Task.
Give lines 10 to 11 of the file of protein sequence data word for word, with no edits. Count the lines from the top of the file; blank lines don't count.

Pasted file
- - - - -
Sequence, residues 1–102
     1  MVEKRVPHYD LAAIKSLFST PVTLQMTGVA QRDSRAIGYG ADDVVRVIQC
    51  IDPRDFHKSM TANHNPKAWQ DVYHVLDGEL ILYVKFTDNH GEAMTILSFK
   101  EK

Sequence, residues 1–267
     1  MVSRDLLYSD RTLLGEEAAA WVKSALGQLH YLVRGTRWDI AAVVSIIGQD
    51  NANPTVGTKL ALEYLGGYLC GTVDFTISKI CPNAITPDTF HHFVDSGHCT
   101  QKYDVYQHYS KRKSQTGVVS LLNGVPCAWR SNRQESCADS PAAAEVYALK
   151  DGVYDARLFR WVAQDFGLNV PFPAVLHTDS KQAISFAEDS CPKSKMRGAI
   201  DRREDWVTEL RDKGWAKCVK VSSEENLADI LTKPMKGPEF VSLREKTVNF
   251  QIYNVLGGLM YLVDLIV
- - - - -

   201  DRREDWVTEL RDKGWAKCVK VSSEENLADI LTKPMKGPEF VSLREKTVNF
   251  QIYNVLGGLM YLVDLIV